P497 Impacts of mucosal healing on clinical outcomes in patients with refractory ulcerative colitis on tacrolimus or biologics
Yamamoto T., Shimoyama T., Umegae S.
Yokkaichi Hazu Medical Centre, Inflammatory Bowel Disease Centre, Yokkaichi, Japan
The paradigm for treatment for inflammatory bowel disease (IBD) is shifting from resolving symptoms toward objective measures such as mucosal healing (MH). Several studies suggest that MH is associated with an increased rate of long-term clinical remission and a decreased rate of surgery. However, few studies investigated the impacts of MH on clinical outcomes in patients with refractory ulcerative colitis (UC) on tacrolimus or biologics. This retrospective study was to investigate the impacts of MH achieved during tacrolimus and biologic therapy for refractory UC on long-term clinical remission and need for surgery.
One hundred patients with moderately-to-severely active UC were studied. Fifty patients were treated with oral tacrolimus (TAC group). The other 50 patients were treated with anti-tumour necrosis factor (TNF) agents (anti-TNF group): infliximab 40, adalimumab 10. At baseline, endoscopic examination was performed in all patients. Endoscopic severity was assessed according to the mucosal appearance score in the UC-disease activity index (DAI). After the 12-week treatment, endoscopic examination was performed if patient condition permitted. MH was defined as endoscopic score of 0 or 1 in the UC-DAI, and endoscopic improvement (including MH) a decrease in the endoscopic score.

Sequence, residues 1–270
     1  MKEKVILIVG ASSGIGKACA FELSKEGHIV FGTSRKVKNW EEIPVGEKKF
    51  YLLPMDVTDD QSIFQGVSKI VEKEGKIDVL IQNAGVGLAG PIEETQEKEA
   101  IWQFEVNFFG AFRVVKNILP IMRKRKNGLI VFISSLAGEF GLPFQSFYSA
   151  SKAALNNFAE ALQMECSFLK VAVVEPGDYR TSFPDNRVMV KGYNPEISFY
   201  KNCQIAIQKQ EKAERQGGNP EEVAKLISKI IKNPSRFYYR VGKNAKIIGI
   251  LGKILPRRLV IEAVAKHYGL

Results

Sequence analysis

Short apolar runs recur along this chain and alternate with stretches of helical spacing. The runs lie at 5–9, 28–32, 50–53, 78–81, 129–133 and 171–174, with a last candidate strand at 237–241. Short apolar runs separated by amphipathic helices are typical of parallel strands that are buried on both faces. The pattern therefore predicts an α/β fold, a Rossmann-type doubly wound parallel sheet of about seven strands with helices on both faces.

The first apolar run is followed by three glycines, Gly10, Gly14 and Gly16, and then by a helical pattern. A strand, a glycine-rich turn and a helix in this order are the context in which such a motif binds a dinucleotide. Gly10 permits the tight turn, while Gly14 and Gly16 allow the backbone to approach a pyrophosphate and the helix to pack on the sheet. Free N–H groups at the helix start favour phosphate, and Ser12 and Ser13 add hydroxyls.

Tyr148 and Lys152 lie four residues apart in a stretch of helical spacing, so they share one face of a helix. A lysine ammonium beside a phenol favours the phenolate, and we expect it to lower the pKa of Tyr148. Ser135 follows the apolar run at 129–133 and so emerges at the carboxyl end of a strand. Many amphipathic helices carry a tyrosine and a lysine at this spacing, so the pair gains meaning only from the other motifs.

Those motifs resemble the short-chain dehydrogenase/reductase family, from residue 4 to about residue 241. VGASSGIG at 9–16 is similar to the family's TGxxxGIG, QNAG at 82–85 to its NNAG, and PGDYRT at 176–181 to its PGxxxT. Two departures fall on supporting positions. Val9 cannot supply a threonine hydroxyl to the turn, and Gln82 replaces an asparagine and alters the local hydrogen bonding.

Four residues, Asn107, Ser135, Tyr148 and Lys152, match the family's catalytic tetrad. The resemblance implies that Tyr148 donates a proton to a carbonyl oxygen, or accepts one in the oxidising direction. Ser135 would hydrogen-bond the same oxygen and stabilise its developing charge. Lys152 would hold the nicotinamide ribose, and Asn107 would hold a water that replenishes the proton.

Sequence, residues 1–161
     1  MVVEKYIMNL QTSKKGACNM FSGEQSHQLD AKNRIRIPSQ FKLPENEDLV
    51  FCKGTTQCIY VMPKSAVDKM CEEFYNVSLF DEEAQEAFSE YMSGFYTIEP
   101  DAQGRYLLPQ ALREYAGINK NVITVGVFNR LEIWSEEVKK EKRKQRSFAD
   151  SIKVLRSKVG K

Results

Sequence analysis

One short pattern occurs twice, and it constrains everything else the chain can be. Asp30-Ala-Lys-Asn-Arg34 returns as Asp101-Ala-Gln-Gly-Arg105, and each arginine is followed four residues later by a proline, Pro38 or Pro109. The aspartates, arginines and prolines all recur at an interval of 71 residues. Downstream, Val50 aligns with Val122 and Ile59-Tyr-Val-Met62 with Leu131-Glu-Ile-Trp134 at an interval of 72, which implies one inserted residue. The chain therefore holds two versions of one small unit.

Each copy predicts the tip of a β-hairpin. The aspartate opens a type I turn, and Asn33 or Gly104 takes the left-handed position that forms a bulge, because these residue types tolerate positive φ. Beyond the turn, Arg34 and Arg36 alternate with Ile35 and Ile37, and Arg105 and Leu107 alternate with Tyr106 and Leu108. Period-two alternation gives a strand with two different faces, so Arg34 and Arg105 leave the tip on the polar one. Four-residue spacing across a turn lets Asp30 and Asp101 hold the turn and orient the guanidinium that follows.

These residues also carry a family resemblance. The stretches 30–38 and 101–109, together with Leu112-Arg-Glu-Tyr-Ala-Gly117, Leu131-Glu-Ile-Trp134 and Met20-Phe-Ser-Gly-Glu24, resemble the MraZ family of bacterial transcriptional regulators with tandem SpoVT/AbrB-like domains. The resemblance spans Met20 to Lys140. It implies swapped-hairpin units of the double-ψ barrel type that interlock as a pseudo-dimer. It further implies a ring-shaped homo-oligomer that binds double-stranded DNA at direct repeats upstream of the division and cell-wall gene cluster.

At week 12, MH was achieved in 12/37 patients (32%) in the TAC group vs 10/36 patients (28%) in the anti-TNF group (p=0.86). Overall, 22/73 patients (30%) achieved MH in this study. Seventeen of the 22 patients (77%) who achieved MH at week 12 and 21 of 52 patients (41%) without MH maintained clinical remission during a 40-week follow-up after endoscopic evaluation (p=0.005). The colectomy-free rate was 95% in the MH group vs 82% in the non-MH group (p=0.14).
MH was associated with an increased rate of long-term clinical remission and a decreased rate of surgery during the subsequent 40 weeks. MH may therefore be a reasonable therapeutic target in the management of refractory UC.